The ideal temperature for them is between 78°F and 82°F. Maintain pH levels at 7.0 – 8.0, hardness levels between 10 and 25 dH, and carbonate hardness around 4 – 6 kH. They’re relatively easy to feed because they will eat just about anything you give them; however, due to their small size, it’s probably best not to overfeed them, particularly if there are only a few other fish sharing your tank with them, to avoid clouding your water with excess waste build-up.

Scientific name

The scientific name of the zebra danio is rerio zebra


The zebra danio originates from India, but is now found in Africa and has been introduced to almost every continent except Antarctica. It inhabits streams with little current and temperature ranges between 18 – 24 degrees C (64 to 75 degrees F). The water must be well oxygenated and clear.

These fish can tolerate a pH range of 6 to 8, though a neutral value of 7 is recommended for breeding purposes; ammonia, nitrite, and nitrate should all be 0 ppm or lower. Zebra danios are shoaling fish and must be kept in groups of at least five.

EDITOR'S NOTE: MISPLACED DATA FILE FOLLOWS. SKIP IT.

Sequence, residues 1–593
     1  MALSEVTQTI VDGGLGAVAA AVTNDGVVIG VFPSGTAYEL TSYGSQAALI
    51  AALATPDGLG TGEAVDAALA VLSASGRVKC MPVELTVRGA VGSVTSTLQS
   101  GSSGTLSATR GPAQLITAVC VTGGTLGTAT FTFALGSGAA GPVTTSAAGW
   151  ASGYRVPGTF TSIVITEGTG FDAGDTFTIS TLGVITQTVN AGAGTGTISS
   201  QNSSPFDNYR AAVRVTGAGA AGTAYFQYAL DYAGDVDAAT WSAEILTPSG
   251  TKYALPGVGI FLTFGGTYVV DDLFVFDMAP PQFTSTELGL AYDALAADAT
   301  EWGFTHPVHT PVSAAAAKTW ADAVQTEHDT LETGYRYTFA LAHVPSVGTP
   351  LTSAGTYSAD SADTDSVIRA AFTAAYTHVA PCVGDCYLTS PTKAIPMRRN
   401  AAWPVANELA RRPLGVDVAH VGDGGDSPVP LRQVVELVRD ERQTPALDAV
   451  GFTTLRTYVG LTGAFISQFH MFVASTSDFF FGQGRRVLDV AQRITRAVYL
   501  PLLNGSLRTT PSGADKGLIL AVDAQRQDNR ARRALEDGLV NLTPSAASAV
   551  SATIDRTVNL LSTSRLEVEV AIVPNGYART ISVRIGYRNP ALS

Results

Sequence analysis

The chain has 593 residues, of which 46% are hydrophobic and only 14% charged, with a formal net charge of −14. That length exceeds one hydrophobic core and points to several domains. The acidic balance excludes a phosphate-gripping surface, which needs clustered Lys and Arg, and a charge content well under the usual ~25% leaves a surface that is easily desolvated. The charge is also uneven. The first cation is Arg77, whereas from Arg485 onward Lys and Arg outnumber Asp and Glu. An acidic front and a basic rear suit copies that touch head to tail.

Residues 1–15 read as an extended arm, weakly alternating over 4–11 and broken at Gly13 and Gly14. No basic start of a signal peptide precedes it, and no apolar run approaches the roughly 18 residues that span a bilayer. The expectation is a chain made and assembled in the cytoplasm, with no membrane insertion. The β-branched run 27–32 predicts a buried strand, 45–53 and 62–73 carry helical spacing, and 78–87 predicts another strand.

Males are slightly larger than females, growing up to 2 inches (5 cm) while females grow up around 1.5 inches (4 cm). In their natural environment, they feed on insects and other small invertebrates that fall into their habitat, although they will accept flake food without any problems if no live foods are available.

Zebra danio size

Your zebra danio can grow up to 3 inches in length, with females being larger than males.

Zebra danio tank size

While they don’t get especially large, bigger is better when it comes to your tank size; as a general rule of thumb, you should provide them with 10 gallons of water per inch of fish. Because of their small size and minimal bioload, smaller tanks can work for a pair or trio.